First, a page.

A study in northern Norway concluded that competition between red and arctic foxes had been more important than changes in prey dynamics associated with climate change in accounting for the failure of arctic foxes to recolonize (Hamel et al. 2013). We suggest that it has been the mediating climate in recent decades on St. Matthew Island, allowing for increased and extended seasonal vascular plant growth that has enabled vole populations to remain at moderately high levels interannually (Klein and Shulski 2009), rather than cycling between low and high population numbers as appeared to have been the case among microtine vole populations throughout the Arctic (Ims and Fuglei 2005), thus enabling red foxes to establish and maintain a population there.
Multiple factors are involved in assessing the nature and magnitude of ecosystem change on St. Matthew Island since displacement of arctic foxes by red foxes. On St. Matthew Island in the presence of only red foxes:
- Cliff-nesting birds should experience considerably less predation than when the arctic fox, more adept at climbing, was the only fox species present.
- Predation selection for crevice-nesting birds, primarily the small auklets, although about equal by the two fox species, should be less in the presence of red foxes because of their larger home ranges, more strongly defended maternal den territories leading to presumed ultimate lower population density than was the case in the past when only arctic foxes were there.
- Ground-nesting birds may suffer less predation under an expected lower red fox density on St. Matthew Island, with the following constraints: a somewhat higher predation rate by individual red foxes as a function of their larger body size; when singing vole numbers are low, red foxes may focus more on ground-nesting birds than arctic foxes have in the past, especially when their home ranges do not include auklet colonies.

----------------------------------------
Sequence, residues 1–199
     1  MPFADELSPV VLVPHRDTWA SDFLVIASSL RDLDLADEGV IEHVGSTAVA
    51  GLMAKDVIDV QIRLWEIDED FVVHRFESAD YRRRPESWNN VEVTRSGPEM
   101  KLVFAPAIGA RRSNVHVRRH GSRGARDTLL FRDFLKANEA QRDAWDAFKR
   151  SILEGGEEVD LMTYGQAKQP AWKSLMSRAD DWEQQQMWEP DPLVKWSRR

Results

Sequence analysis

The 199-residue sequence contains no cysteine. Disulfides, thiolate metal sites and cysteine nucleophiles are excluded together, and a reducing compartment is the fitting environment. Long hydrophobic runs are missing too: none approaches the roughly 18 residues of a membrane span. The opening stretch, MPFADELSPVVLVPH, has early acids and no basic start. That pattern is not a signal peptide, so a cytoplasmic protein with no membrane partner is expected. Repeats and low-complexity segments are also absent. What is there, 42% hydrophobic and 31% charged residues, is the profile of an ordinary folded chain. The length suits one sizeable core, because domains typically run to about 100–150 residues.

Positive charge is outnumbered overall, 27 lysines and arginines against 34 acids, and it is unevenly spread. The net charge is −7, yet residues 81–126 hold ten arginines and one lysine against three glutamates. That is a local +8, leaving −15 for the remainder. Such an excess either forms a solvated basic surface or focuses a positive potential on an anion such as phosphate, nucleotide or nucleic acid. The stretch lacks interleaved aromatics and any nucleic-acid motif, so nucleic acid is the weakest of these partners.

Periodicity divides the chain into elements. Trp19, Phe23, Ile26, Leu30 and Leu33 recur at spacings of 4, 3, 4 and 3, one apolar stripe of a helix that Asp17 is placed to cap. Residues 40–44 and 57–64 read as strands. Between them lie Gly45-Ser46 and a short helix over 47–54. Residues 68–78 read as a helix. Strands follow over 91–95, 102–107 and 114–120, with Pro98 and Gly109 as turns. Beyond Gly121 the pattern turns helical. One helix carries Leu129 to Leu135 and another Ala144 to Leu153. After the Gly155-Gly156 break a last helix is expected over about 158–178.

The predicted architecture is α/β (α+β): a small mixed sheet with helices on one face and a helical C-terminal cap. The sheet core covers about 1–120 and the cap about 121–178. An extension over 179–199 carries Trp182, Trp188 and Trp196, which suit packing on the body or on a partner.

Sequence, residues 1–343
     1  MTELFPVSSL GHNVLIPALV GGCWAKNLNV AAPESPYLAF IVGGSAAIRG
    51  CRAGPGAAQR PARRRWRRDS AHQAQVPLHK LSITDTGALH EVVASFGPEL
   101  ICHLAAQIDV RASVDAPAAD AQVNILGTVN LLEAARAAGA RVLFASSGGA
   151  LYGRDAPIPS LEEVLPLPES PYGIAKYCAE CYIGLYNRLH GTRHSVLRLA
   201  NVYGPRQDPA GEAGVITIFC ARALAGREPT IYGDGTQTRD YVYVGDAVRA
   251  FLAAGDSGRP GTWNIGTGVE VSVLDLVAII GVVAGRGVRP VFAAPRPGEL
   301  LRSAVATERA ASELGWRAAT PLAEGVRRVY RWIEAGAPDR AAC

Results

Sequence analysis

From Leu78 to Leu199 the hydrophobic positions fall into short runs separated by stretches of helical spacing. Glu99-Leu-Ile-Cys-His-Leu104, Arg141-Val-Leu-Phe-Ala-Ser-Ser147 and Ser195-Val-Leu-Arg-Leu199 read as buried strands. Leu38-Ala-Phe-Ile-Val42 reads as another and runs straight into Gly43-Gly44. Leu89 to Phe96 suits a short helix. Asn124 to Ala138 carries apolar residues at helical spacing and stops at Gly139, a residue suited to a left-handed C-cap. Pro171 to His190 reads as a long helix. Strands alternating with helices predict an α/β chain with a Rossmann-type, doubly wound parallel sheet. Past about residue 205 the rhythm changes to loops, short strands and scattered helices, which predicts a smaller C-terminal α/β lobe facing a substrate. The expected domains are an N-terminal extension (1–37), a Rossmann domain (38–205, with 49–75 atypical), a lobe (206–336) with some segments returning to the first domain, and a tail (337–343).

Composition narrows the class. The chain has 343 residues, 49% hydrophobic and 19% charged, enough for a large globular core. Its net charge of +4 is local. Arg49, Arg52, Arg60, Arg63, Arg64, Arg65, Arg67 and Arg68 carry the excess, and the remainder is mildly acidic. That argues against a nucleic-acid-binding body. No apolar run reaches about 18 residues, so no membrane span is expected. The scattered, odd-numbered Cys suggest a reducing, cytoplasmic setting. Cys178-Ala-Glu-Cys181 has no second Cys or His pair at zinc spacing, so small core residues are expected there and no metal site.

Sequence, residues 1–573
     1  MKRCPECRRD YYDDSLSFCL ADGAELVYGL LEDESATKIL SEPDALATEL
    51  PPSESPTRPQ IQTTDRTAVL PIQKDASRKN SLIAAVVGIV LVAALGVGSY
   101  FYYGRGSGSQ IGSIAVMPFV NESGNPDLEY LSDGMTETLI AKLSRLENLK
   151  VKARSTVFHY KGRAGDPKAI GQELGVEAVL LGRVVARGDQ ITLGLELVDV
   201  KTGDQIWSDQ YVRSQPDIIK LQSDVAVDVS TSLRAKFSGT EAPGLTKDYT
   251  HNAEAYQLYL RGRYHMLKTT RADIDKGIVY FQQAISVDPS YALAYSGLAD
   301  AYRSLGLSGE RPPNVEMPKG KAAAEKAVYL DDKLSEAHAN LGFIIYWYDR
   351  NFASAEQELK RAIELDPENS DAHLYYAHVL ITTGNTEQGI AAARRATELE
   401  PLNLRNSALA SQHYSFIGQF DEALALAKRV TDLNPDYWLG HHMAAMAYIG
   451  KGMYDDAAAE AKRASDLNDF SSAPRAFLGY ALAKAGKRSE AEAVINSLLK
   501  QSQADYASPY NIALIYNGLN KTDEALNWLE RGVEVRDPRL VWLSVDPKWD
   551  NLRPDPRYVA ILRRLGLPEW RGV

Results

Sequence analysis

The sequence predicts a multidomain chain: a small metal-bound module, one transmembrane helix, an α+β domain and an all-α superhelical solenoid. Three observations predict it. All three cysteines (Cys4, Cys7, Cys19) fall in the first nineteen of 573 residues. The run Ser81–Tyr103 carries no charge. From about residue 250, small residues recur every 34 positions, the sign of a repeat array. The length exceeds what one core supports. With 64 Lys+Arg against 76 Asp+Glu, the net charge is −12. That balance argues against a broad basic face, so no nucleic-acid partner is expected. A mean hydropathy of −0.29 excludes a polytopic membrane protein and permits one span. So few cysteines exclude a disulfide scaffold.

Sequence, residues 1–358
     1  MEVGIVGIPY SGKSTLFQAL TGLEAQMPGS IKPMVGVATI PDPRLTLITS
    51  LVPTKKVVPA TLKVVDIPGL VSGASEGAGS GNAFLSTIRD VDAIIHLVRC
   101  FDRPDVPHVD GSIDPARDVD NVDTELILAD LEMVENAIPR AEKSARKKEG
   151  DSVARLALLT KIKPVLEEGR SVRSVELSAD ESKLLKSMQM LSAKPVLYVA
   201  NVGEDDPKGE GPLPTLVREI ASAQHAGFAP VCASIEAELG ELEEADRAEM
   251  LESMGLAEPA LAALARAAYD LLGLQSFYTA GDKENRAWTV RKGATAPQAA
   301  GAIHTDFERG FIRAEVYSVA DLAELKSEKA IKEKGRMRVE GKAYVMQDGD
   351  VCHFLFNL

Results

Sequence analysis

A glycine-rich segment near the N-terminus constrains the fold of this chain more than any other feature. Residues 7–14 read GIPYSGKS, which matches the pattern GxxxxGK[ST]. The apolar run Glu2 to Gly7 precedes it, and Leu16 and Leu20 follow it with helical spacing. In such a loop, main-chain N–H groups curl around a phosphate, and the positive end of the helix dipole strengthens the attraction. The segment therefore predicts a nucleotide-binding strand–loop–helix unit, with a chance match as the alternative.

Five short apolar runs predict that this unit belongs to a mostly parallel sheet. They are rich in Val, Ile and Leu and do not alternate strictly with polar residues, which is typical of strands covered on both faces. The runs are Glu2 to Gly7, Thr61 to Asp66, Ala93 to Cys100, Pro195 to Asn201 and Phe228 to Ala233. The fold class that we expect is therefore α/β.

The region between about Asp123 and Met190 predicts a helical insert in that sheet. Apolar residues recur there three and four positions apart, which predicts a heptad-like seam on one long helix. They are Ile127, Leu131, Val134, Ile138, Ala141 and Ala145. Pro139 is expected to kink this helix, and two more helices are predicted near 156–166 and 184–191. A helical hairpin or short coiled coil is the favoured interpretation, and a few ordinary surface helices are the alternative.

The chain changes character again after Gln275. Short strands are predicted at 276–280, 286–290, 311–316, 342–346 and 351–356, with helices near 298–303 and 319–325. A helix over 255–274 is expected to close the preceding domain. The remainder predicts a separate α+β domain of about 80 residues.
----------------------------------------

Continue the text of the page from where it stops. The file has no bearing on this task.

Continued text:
- On the basis of pronounced differences in intraspecies tolerance of the two fox species and poorer adaptability of the red fox for over-winter survival on St. Matthew Island, which is surrounded by sea ice in winter, red fox density will likely remain considerably lower there than would have been the case if only arctic foxes were present.
- The endemic bird MacKay’s bunting, because of its presence and abundance over the entire island and use of diverse and predominately secure crevice-nesting habitats should be little affected by the shift from arctic to red foxes on St. Matthew Island.
- The singing vole, also endemic to the St. Matthew Islands, can be an important food item for both fox species when in the high phase of their population cycles, especially in winter when other food is limited. Whereas voles appear adapted to sustain high fox preda-tion at the peak of their population cycles, they are protected from significant predation at the low of their cycles by their relative scarcity. In winter, areas where snow is drifted and wind-packed also provide some protection for the subnivian voles from fox predation.
The above assessment of consequences of the presence of red versus arctic foxes on the vertebrate fauna of St. Matthew Island focuses on relative numbers of prey species removed through predation. Possible benefits of species-specific predation that may accrue to the genome of prey species on the St. Matthew Islands through selective removal of less fit individuals (Gilg and Yoccoz 2010) will remain for future assessment of this naturally occurring exchange of predator species.